If you end up having a hard time finding new travel healthcare jobs or travel nurse jobs in your current location, you can easily pack up your bags and move to a new location and facility that better fits your changing needs.
Con: In very rare cases, there may only be positions in high demand areas. While it’s very unlikely, it is possible that none of those locations appeal to you.
6. Avoiding Work Politics
One of the difficult parts of working in a hospital are the politics and management issues. Not so for a travel nurse.
When you travel from job to job, you’re able to focus more closely on patient care and avoid all the hospital politics. And if you find yourself in a hospital or clinic where the drama is overwhelming, that’s the blessing of short-term contracts.
Con: Being the “new nurse” may be a bit of a challenge at first. Honing your adaptability through experience ensures you fit in anywhere.
7. Trying New Specialties
Sometimes nursing can become boring when you’re stuck in the same specialty year-after-year. Travel nurses have an almost unlimited array of specialties they can choose from.
You can choose a specialty based on which one pays the most, or you can even choose your specialty based on its rarity—giving you a unique skillset that would be hard to deny.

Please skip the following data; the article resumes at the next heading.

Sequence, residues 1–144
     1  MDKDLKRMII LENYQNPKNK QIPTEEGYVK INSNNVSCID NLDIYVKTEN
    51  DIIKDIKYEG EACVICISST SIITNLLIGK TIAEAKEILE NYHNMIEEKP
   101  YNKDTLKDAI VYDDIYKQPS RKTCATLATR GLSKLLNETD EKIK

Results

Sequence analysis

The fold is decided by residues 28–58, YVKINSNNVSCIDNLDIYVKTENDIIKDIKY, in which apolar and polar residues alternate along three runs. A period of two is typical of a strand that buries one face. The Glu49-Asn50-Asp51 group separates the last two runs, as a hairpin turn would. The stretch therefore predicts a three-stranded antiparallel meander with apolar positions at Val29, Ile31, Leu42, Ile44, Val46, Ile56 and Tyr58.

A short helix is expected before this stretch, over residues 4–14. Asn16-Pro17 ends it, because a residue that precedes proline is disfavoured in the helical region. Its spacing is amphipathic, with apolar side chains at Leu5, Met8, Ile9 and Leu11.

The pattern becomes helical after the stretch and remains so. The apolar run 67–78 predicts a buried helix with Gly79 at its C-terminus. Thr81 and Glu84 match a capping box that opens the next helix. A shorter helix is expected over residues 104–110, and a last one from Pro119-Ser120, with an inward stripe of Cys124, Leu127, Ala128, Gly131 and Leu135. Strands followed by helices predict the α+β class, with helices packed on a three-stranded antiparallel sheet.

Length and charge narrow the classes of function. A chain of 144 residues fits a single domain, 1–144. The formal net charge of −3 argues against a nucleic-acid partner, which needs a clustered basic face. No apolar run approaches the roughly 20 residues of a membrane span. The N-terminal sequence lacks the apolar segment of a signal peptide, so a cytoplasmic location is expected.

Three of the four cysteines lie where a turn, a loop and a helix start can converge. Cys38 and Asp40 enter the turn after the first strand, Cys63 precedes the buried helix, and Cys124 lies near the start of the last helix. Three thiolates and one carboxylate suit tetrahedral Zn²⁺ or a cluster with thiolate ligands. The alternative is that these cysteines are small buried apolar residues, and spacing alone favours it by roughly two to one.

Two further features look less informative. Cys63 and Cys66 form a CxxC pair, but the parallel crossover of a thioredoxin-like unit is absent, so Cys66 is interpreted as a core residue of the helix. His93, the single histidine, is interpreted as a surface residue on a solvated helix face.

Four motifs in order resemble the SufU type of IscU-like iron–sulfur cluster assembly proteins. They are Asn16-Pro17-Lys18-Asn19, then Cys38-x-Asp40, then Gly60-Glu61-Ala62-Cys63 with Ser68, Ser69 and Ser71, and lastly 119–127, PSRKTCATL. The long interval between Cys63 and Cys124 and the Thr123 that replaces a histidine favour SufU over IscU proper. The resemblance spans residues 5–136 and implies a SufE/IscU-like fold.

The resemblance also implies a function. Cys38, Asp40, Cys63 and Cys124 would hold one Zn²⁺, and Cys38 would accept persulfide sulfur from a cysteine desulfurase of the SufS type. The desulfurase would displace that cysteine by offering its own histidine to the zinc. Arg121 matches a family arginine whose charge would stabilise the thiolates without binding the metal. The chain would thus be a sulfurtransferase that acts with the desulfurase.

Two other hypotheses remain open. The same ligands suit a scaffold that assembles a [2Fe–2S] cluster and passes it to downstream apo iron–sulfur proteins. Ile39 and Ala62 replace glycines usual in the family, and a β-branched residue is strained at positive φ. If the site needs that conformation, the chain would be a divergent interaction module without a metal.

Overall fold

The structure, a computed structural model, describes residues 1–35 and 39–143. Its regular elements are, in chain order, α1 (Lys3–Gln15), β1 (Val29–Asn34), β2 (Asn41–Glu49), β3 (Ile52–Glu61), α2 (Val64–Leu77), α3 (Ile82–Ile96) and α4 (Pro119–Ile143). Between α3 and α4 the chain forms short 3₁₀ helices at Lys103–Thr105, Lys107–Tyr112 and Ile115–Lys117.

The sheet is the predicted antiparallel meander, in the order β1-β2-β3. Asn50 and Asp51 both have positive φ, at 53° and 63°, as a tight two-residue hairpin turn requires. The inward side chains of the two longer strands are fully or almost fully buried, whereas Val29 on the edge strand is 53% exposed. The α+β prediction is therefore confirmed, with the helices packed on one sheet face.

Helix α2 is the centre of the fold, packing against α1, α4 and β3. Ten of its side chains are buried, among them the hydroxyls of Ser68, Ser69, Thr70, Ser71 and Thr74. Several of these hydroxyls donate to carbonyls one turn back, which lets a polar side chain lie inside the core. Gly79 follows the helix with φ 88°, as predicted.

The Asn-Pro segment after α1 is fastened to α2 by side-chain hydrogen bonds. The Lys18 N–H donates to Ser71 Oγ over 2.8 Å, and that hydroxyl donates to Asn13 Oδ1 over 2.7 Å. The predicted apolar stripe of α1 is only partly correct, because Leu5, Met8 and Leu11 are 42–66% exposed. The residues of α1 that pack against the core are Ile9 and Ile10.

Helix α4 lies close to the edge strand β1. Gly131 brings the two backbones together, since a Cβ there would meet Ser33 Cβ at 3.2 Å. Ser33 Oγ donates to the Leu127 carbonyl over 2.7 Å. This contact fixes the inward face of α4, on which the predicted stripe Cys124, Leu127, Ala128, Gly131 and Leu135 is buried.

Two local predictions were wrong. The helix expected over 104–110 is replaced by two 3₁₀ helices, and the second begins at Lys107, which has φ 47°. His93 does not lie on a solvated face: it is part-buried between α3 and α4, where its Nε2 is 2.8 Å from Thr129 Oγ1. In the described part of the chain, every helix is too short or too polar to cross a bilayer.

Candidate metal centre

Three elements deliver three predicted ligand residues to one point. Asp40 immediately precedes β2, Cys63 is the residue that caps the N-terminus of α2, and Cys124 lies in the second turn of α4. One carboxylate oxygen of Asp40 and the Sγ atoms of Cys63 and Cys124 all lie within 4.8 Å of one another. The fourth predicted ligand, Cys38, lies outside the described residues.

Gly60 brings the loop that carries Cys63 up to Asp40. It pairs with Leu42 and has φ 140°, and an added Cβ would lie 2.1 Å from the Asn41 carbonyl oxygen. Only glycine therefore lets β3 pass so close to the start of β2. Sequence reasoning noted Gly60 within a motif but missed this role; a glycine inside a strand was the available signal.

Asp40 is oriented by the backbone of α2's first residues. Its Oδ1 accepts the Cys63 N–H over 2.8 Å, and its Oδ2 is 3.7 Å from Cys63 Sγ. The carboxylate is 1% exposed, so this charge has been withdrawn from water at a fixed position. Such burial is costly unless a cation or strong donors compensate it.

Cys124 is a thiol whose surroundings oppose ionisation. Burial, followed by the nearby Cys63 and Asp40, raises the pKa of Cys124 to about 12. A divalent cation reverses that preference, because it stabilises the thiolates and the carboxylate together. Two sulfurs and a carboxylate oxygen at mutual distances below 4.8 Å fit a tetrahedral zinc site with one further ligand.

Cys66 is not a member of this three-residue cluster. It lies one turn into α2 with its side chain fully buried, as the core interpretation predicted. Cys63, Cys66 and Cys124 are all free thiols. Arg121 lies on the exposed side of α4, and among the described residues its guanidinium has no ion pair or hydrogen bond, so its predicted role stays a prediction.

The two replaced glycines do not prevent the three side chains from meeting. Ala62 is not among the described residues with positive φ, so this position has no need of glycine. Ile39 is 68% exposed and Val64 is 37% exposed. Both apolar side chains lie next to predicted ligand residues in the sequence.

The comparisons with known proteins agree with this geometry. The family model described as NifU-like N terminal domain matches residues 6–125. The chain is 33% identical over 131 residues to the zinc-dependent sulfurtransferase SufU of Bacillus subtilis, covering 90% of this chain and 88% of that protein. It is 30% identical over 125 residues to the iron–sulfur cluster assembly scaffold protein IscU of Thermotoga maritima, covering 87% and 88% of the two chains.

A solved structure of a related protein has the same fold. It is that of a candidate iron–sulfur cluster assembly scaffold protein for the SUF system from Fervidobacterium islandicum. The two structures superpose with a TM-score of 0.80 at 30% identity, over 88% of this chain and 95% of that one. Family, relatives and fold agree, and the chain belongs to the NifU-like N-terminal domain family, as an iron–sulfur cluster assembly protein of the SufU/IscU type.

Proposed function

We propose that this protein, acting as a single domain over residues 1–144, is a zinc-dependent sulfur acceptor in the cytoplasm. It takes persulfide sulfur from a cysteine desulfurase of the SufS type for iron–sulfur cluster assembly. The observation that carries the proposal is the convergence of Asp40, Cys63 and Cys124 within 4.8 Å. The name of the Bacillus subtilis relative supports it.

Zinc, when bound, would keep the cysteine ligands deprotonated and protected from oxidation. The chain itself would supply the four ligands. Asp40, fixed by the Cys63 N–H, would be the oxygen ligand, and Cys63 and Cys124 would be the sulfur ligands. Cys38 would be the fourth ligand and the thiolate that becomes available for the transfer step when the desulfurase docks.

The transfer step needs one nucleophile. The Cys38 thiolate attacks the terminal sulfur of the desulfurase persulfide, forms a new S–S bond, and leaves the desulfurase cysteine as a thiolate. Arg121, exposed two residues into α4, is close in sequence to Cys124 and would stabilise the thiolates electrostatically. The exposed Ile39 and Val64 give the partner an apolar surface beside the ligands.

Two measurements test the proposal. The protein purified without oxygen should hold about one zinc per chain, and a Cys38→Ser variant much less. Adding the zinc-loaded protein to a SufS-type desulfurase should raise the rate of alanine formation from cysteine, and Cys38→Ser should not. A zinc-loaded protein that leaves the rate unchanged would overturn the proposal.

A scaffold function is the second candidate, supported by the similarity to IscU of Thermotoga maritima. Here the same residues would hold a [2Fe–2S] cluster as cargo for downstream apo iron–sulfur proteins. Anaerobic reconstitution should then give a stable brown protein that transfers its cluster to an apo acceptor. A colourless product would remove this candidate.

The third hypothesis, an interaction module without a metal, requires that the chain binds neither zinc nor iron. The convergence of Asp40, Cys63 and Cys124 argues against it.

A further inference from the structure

Con: If you like staying where you are, then you may not want to try a new specialty.
8. Affordable Housing
In general, travel nurse housing is provided with your job. That means you don’t have to find a new home everywhere you move.
Common living expenses are eliminated or dramatically decreased as a travel nurse. In fact, in many cases, you’re provided with a fully-furnished home wherever you go.
Con: There’s just one thing to remember when it comes to housing; you have to bring all of your personal items with you. If you think you’ll struggle with this, check out our travel nurse packing list.
9. Resume Building
Are you ready to upgrade your nursing resume? A travel nurse career is a great resume builder.
Travel nurses possess a skillset like few other individuals. Just think, how many nurses have experienced a small critical-access hospital setting and a large teaching hospital?
Between your professional contacts, range of on-the-job skills, and experience in a variety of environments, a travel nurse resume stands out in the crowd.
All of those skills and abilities will not only make you a better nurse, but they’ll enhance your resume and make you a killer interviewee.
Con: Keeping your resume up to date takes more effort than most professions since you’re constantly gaining new experience in new facilities.
10. Meeting New People
At each location, you’ll meet new colleagues at the facility where you work, and you’ll make new friends outside the office.
Travel nursing puts you in touch with people that you would never meet otherwise—people from different cultures, neighborhoods, interests, and hobbies.
Con: Being on the road also means you aren’t near your hometown friends as much as you may like to be.
The Pros Far Outweigh the Cons
As a travel nurse, you have a fun and flexible lifestyle that few people can boast. But more than that, it’s a great way to build up your career and experience in ways that you could never imagine.
Are you thinking about embarking on this career? Contact us today.